A key moment on any day at the track is the box run. Short for gearbox run, it is a systems-check in which the car is fired up and operated through a set procedure. Engine, hydraulics, gearbox, differential – all are tested and data checked. This will have been carried out at the factory, but, as the car will have been taken apart since then, another is needed. Major problems here put the whole schedule under pressure so engineering needs to be on hand.

Legality and the “Bridge of Doom”

One of the last tasks involving the car is to visit the FIA weighbridge (or bridge of doom). It is the final arbiter of legality for car weight and bodywork dimensions. The mechanics will work through a checklist of measurements during their short time slot. It is good practice for the Race Engineer to be there to ensure that the car is fully compliant and they understand any problems.

Mercedes at the FIA weighbridge
The FIA weighbridge is a key part of the race weekend. CREDIT: LAT Images

Garage and communications checks

There will be time set aside for the engineers to check their pitwall or garage workstations for the weekend. This checks for IT, power supply or intercom problems. The infrastructure is rebuilt each weekend in a new garage, so faults aren’t uncommon. Reporting a problem minutes before the first Friday session is quite unpopular, so it's important to flag any issues as soon as possible. 

McLaren F1 engineering workstation in the garage
Checking workstations ahead of time can eliminate any last minute glitches. CREDIT: LAT Images

The track walk

A track walk with the driver is one of the more visible elements of Thursday’s schedule. They seem a little archaic amongst the technology but are a valuable part of the day. As well as checking physical changes made to the track since a previous event, they offer a period of time for the driver-specific engineering team to talk. Drivers have busy schedules so this offers a distraction-free period. Away from this, the Race Engineer will use any spare time slots to work through plans and performance with them throughout the day.

Red Bull Racing F1 on a track walk
The track walk is much more than just a walk. CREDIT: LAT Images

Plans, paperwork and meetings

After the car itself, the priority for the Race Engineer is to compile the run plan for the next day. Friday running is more difficult to deal with than the rest of the weekend, two one-hour sessions with ten hours of testing to complete. This means a lot of time is spent in the engineering office.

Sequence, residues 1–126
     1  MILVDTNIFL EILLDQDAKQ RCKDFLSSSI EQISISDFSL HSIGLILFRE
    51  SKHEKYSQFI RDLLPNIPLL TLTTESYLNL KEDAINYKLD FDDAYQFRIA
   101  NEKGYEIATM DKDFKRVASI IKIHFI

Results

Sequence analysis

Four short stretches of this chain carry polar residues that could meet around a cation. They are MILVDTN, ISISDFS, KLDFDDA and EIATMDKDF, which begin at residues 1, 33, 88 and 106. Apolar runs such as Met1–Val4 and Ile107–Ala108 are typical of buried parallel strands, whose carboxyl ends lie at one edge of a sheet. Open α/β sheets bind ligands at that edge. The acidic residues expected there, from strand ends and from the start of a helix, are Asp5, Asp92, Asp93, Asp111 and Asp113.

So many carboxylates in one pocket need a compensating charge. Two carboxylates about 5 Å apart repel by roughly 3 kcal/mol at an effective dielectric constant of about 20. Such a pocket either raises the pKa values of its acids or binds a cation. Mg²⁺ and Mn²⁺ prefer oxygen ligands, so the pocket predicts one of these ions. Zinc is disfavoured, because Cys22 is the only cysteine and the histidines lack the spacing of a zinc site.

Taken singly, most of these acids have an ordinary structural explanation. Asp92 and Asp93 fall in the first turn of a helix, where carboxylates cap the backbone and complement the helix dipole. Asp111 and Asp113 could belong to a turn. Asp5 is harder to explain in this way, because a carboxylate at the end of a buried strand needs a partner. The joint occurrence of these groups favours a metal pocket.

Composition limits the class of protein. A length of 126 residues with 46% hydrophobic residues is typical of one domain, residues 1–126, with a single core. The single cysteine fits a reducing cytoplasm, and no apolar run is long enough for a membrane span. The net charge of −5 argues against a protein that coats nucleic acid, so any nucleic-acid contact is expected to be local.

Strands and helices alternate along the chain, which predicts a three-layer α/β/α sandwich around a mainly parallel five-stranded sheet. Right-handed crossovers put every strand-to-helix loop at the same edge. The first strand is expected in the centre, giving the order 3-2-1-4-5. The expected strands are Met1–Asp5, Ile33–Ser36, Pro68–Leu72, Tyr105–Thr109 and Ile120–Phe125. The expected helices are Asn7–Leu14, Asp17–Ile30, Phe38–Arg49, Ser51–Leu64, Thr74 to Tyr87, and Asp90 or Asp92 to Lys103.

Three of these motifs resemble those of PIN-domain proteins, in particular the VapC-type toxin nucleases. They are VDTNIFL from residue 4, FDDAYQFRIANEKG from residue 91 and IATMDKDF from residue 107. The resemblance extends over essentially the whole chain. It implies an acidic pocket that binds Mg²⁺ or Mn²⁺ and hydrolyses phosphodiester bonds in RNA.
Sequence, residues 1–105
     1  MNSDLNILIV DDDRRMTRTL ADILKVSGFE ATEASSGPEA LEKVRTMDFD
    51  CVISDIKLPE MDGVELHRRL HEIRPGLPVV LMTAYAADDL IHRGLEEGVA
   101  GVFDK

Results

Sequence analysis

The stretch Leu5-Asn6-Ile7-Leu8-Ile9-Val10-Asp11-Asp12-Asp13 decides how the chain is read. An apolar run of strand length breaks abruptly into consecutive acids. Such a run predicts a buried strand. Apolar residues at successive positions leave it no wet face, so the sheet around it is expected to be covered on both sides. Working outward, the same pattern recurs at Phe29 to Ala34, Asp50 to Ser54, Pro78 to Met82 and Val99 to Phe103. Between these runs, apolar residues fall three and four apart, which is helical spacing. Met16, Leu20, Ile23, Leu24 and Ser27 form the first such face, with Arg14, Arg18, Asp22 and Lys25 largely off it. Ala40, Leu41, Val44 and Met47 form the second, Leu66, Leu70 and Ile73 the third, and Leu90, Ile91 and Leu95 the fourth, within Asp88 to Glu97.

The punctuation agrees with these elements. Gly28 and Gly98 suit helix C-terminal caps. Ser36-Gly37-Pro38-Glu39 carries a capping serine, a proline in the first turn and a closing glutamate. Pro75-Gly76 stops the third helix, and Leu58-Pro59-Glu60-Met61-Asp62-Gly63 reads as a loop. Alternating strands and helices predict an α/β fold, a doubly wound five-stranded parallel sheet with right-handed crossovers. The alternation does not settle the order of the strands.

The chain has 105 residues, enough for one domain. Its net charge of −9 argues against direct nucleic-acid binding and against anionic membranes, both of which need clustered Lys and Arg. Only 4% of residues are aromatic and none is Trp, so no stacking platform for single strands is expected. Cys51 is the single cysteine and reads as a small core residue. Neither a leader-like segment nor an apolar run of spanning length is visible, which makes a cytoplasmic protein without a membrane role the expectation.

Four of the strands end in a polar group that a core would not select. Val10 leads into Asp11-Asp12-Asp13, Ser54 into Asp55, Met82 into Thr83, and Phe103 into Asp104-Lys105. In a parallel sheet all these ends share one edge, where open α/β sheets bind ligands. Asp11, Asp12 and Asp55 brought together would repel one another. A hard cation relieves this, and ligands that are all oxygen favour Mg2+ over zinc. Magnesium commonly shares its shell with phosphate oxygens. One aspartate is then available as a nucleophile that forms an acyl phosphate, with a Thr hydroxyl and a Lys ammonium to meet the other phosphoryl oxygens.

Juggling the different requirements of all of the test items is complicated but there are also other restrictions to consider. There will be meetings with power unit engineers to communicate mileage limits for different engine modes. Tyre allocations have to be made with an eye on the expected requirements for qualifying and the race. There will be a specific meeting with Pirelli’s engineer to discuss compounds and pressure/camber running limits.

Haas F1 engineering office
The engineering office is the slightly less glamorous side of F1. CREDIT: LAT Images

There will have been a long planning meeting before everyone travelled, but this is repeated to a large extent on Thursday. Much of the work the various engineers complete will be to prepare for this. Some will be specific to Friday running but there will be preliminary discussion of expected tyre performance and strategy ahead of the race. Friday long runs have a large bearing on Sunday strategy. Faults from previous events will be covered along with their solutions or mitigations.

As the day ends, many engineers will return to the hotel to keep working, modern internet connections can be a blessing and a curse…

Geoff Dymott former senior performance engineer
Written by: Geoff Dymott

Former Senior Performance Engineer - Williams Racing F1


This product has been added to your cart